Saturday, January 06, 2018

Stay Warm

Lassie on heater, probably spring 2011

Doesn't she look grumpy? And she is looking down. I think someone might have been there to dispute the possession of the heater with her.  She is glaring "Don't you push me off!"

This is probably the kittens' first year, spring or early summer 2011. She doesn't have her adult color green eyes yet. And that year they were kept in the bathroom with a heater, separate from Rex. That was the year that they were all on my lap in the chair, and we were enjoying a fire in the woodstove - on June 2nd!

We had a dry December this year - bad news in case we go back to drought conditions without fully recovering from the last one. We haven't had snow yet here, but back east they are having feet of snow in a winter cyclone, and record low temperatures.

I recently asked myself, "what do you do when the power goes off?"

And the answers I immediately came up with:

What do I do when the power goes out?
I get a fire started in the wood stove, (and if it happened today I’d be cursing myself while I cleared away the clutter in front of the stove) and be sure to cook dinner over the stove before dark. And go bring in more firewood before dark. Before it rains. Or snows.
Or dye some fabric, or take a bath, or wash the dishes with the last warm water in the water heater.
Or put extra blankets on the bed, and curl up in the dark and call my mother, whose phone number was the one I knew in the dark.

Seriously. There are lots of things to do to take advantage of/survive the situation. Those with a live-in lover have another option. Why they have lots of births 9 months later in cities.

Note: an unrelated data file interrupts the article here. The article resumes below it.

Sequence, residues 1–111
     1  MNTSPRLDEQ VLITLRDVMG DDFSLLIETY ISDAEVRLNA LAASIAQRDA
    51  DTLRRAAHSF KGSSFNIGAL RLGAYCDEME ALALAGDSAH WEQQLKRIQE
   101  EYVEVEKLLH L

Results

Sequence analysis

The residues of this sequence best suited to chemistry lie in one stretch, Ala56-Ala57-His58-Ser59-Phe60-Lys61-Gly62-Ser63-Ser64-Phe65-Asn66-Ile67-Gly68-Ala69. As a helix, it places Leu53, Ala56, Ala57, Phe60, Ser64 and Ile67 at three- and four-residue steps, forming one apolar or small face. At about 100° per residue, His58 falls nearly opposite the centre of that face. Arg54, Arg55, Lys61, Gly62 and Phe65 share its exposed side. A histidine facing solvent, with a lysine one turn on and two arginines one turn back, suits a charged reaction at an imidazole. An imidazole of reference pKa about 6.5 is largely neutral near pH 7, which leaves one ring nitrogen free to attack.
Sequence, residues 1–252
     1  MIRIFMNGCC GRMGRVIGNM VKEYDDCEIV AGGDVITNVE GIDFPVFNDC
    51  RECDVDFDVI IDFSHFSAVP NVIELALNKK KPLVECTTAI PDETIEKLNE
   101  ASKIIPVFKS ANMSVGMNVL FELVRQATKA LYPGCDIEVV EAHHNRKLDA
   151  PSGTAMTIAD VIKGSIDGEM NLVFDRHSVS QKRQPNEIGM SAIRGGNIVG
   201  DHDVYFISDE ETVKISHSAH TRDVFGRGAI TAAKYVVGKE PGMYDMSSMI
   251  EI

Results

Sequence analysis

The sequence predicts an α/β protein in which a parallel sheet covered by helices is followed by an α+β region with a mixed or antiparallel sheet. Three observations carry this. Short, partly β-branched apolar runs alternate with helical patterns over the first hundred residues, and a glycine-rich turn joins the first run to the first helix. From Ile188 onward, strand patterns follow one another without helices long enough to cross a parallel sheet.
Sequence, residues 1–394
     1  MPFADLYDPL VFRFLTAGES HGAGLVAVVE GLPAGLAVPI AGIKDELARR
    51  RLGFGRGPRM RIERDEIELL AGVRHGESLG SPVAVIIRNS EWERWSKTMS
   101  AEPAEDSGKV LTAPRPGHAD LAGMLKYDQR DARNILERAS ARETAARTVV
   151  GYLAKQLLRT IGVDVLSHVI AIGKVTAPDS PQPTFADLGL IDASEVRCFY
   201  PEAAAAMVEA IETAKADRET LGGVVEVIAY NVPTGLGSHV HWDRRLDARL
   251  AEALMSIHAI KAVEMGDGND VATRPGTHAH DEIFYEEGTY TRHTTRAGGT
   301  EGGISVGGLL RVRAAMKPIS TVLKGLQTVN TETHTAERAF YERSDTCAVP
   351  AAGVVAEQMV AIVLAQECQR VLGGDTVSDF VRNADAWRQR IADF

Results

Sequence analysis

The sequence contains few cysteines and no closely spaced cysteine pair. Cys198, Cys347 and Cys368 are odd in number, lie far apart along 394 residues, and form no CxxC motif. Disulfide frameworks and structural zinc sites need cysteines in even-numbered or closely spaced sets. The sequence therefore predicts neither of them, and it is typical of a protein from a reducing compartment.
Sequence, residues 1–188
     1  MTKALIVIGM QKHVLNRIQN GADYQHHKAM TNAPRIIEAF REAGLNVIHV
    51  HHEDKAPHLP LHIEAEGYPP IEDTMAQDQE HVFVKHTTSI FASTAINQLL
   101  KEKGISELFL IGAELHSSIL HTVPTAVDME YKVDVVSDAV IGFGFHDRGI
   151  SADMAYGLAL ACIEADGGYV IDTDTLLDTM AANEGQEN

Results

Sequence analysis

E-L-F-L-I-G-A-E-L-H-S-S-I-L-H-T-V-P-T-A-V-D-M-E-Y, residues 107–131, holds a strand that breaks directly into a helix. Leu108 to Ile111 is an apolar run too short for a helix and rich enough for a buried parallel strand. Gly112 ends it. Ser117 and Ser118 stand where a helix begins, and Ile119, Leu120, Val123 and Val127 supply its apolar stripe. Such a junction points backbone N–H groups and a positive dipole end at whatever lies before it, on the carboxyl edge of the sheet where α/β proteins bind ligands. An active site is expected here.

Those answers are in reverse order, most recent to oldest, of things I have actually done over the years. It depends a little on what time of year, and time of day it is. But the latest wisdom I learned several years ago, when my power was out for more than 3 days.

[That is common enough here that it is necessary to have another source of heat and cooking, and lights, handy for when it happens. The bus driver, a few blocks away, had his power out for 2 separate weeks that year.]

That time, after a couple of days I had used most of the wood I had inside, and was wading through a foot of snow carrying firewood. And the lights I had were not bright enough to see what I was doing if I had to cook dinner after dark.

I learned to bake bread the summer I turned 16, at the cabin in Northern Idaho. In a woodstove. And the little woodstove heaters don't channel heat to the top the way a cookstove does. Much harder to cook over.


The next time the power went out that year, it came on only a few hours later. But by that time I had started a fire, and heated some leftover soup, and was having dinner.


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